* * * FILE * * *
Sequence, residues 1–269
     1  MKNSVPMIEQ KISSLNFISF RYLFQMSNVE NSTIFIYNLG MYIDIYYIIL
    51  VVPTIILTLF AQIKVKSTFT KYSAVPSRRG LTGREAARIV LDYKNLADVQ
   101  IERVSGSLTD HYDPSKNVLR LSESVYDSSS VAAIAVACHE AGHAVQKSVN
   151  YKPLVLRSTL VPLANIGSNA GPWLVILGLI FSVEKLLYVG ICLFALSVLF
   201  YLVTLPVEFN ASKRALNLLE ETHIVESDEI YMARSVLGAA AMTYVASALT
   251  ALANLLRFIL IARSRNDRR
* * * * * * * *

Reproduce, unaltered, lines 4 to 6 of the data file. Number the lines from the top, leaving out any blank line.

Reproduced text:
   101  IERVSGSLTD HYDPSKNVLR LSESVYDSSS VAAIAVACHE AGHAVQKSVN
   151  YKPLVLRSTL VPLANIGSNA GPWLVILGLI FSVEKLLYVG ICLFALSVLF
   201  YLVTLPVEFN ASKRALNLLE ETHIVESDEI YMARSVLGAA AMTYVASALT